It’s easy to distort mission work as simply being faithful to a command–I do because He told me so. I think this is what saps so much spiritual vitality from what we do. This is what devolves an honest Christian into a legalist. Lesslie Newbigin, in his book The Gospel In A Pluralist Society, shares a refreshing–and I think a true take–on what biblical mission work is about:
There has been a long tradition which sees the mission of the Church primarily as obedience to a command. It has been customary to speak of “the missionary mandate.” This way of putting the matter is certainly not without justification, and yet it seems to me that it misses the point. It tends to make mission a burden rather than a joy, to make it part of the law rather than part of the gospel. If one looks at the New Testament evidence one gets another impression. Mission begins with a kind of explosion of joy. The news that the rejected and crucified Jesus is alive is something that cannot possibly be suppressed. It must be told. Who could be silent about such a fact? The mission of the Church in the pages of the New Testament is more like the fallout from a vast explosion, a radioactive fallout which is not lethal but life-giving. (Chapter 10, The Logic Of Mission, p. 116).
By the way, Newbigin’s quote sounds quite similar to one from a book written over a hundred years ago called Steps to Christ. Notice what it says:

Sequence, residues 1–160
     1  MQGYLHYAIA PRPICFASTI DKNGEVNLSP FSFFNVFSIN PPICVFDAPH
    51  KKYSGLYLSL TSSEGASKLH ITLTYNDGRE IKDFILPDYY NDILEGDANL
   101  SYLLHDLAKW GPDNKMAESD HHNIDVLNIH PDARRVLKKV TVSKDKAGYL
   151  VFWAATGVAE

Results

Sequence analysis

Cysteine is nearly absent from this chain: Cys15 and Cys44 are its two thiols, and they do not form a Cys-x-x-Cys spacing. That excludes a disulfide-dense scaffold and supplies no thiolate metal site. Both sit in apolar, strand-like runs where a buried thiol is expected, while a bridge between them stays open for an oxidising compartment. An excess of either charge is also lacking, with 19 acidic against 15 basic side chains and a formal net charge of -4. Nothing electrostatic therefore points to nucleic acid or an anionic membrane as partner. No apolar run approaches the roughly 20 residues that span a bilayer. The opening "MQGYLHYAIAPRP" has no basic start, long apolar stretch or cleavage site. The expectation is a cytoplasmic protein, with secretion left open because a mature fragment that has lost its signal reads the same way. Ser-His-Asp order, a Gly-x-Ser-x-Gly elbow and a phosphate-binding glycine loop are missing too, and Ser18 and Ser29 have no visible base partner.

No sooner does one come to Christ than there is born in his heart a desire to make known to others what a precious friend he has found in Jesus; the saving and sanctifying truth cannot be shut up in his heart. If we are clothed with the righteousness of Christ and are filled with the joy of His indwelling Spirit, we shall not be able to hold our peace. If we have tasted and seen that the Lord is good we shall have something to tell. Like Philip when he found the Saviour, we shall invite others into His presence. We shall seek to present to them the attractions of Christ and the unseen realities of the world to come. There will be an intensity of desire to follow in the path that Jesus trod. There will be an earnest longing that those around us may “behold the Lamb of God, which taketh away the sin of the world.” John 1:29.
I would further add that if someone is doing gospel work for anything else than a sense of joy and thankfulness, they need to re-examine their motives. Doing it because I “have to” leads to legalism. Doing it because I can’t contain myself and must is apostolic Christianity.
[image by Jack Fussell]